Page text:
diane ludin on Sat, 19 May 2001 19:25:43 +0200 (CEST)

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<nettime> Diversity.com/Population.gov - Eugene Thacker


    by Eugene Thacker [maldoror@eden.rutgers.edu]

    A Tsunami of Data
    When, in the early 1990s, the U.S. government-funded Human Genome
Diversity Project (HGDP) drafted plans for a genetic database of some 4,000
to 8,000 distinct ethnic populations, it was met with a great deal of
controversy and criticism. The stakes were raised even more when it was
discovered that the HGDP had proposals for the patenting of the cell lines
from several members of indigenous populations, all without those members
or communities informed consent. Due to the interventions by such groups as
the Rural Advancement Foundation International (RAFI), the HGDP was forced
to drop three of its patents. In 1996 it provided a testimony to the U.S.
National Research Council and has since drafted a document of "Model
Ethical Protocols" for research, which emphasizes informed consent and
cultural-ethical negotiation.  
    Since that time, however, the HGDP has been conspicuously silent (it is
now based at Stanford University, as the Morris Institute for Population
Studies), and, despite the flurry of news items and press releases relating
to the various genome mapping endeavors around the world --both government
and corporate sponsored--there has been relatively no news or updates on
the progress of the HGDP's original plans.
    Much of this curious disappearing act has to do, certainly, with the
bioethical conundrums in which the HGDP has been involved, as well as with
the combination of vocal critics such as RAFI, and the HGDP's having been
marked by the media and dubbed by its critics as "the vampire project."
However, while the HGDP as an organization may have slipped from science
headlines, the issues and problems associated with it have not. Another,
parallel development within biotech and genetics has emerged, which has
more or less taken up the "diversity problem" which the HGDP had dealt with
in the 1990s: bioinformatics.  Bioinformatics involves the use of computer
and networking technologies in the organization of updated, networked, and
interactive genomic databases being used by research institutions, the
biotech industry, medical genetics, and the pharmaceutical industry.
Bioinformatics signals an important development in the increasing
computerization of "wet" biotech research, creating an abstract level where
bioinformatics can form relationships between bioscientific approaches to
diversity and the fluctuations of the biotech economy. A driving economic
force is finance capital, bolstered from within by a wide range of "future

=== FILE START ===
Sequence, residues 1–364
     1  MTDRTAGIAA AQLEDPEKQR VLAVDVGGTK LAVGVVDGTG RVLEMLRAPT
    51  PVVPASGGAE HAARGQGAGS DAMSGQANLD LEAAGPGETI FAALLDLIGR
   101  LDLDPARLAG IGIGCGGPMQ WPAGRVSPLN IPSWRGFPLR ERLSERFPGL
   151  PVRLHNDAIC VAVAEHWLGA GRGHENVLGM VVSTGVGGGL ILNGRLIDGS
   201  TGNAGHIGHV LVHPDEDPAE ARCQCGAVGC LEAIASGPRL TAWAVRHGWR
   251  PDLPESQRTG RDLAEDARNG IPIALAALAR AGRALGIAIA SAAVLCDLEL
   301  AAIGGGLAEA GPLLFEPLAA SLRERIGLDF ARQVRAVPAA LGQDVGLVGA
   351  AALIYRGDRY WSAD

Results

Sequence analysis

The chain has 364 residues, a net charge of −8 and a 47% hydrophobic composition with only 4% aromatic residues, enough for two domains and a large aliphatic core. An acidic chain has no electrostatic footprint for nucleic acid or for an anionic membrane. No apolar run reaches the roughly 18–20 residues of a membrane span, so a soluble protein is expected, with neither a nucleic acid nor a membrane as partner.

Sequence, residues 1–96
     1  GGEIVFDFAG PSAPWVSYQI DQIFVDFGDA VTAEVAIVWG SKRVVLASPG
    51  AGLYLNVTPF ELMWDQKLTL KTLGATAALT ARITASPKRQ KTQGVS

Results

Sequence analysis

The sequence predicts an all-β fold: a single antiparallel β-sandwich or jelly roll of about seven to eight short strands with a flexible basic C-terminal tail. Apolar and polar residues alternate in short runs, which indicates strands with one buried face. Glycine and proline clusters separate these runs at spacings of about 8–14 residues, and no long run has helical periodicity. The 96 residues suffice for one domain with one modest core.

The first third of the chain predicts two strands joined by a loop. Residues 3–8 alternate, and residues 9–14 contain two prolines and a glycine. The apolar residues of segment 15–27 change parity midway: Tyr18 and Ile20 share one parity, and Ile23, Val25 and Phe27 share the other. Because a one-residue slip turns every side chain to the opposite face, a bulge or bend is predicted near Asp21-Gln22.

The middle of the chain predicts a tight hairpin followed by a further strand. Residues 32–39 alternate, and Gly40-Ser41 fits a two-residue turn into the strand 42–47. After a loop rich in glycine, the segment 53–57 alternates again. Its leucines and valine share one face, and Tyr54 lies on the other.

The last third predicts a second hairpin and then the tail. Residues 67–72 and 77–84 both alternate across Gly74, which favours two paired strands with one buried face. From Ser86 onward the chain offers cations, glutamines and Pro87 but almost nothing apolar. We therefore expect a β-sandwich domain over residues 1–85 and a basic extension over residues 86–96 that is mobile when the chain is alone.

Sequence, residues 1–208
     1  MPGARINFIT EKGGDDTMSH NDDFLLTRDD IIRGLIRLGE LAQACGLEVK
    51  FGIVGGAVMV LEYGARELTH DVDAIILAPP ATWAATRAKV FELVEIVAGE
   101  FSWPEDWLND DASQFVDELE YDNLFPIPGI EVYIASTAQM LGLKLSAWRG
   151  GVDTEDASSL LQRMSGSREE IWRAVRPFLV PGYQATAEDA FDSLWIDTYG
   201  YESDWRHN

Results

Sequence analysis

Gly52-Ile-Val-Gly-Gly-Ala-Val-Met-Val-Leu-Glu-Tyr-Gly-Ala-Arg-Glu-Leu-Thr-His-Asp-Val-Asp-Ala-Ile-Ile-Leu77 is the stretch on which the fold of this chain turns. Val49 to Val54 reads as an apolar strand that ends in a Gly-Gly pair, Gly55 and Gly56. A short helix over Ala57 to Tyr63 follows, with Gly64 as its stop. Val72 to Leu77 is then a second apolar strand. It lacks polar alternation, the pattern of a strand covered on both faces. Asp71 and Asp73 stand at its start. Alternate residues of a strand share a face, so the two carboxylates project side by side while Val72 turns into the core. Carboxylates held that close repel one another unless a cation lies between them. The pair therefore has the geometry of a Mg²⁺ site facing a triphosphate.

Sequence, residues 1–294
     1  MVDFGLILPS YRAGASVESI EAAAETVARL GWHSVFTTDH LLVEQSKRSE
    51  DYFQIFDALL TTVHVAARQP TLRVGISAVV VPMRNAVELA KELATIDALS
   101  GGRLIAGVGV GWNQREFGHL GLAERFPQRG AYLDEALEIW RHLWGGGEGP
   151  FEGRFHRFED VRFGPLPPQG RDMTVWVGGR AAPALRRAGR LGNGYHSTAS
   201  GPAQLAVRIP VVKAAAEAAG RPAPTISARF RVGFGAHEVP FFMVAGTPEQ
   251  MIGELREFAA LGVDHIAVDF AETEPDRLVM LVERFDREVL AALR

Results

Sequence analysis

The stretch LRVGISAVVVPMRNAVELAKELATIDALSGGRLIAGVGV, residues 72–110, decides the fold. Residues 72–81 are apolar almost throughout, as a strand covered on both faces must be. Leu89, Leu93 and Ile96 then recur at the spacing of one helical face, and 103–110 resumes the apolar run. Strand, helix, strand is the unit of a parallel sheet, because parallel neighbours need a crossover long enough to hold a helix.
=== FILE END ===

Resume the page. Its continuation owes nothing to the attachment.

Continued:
promises" from biotech research (software-based gene discovery, data
mining, genetic drugs, and so on). The emphasis we are witnessing now in
"digital capitalism," to use Dan Schiller's term, is an intersection of
economic systems with information technology. As Michael Dawson and John
Bellamy Foster show, this trend leads to an emphasis on a "total marketing
strategy" that is highly diversified: consumer profiling, individualized
marketing, "narrowcasting," "push-media" and so on. Such trends are
transforming biotech research as well.
    More often than not, the future of a research field within biotech can
flourish or perish depending on the tides of stock values. In turn, those
stock values are directly tied to the proclaimed successes or failures of
clinical trials or research results. Most of the stock value of the biotech
industry is an example of what Catherine Waldby calls "biovalue": either
being able to produce valuable research results that can be transformed
into products (such as genetic-based drugs or therapies), or the ability to
take research and mobilize it within a product development pipeline (mostly
within the domain of the pharmaceutical industry).
    These trends are worth pointing out, because they draw our attention to
the ways in which race, economics, and genomics are mediated by information
technologies. Genomics--the technologically-assisted study of the total
DNA, or genome, of organisms--currently commands a significant part of the
biotech industry's attention. In economic as well as scientific terms,
genomics has, for some years, promised to become the foundation upon which
the possibility of a future medical genetics and pharmacogenomics would be
based. As a way of providing a backdrop for Diane Ludin's project,
"Harvesting the Net," what I would like to do here is to outline some of
the linkages between biotech as an increasingly corporate-managed field,
and the emphasis within genomics programs on diversification. Such research
programs, which highlight types of "genetic difference," demonstrate the
extent to which culture and biology are often con-fused, as well as the
extent to which both ethnicity and race are compelled to accommodate the
structures of informatics.


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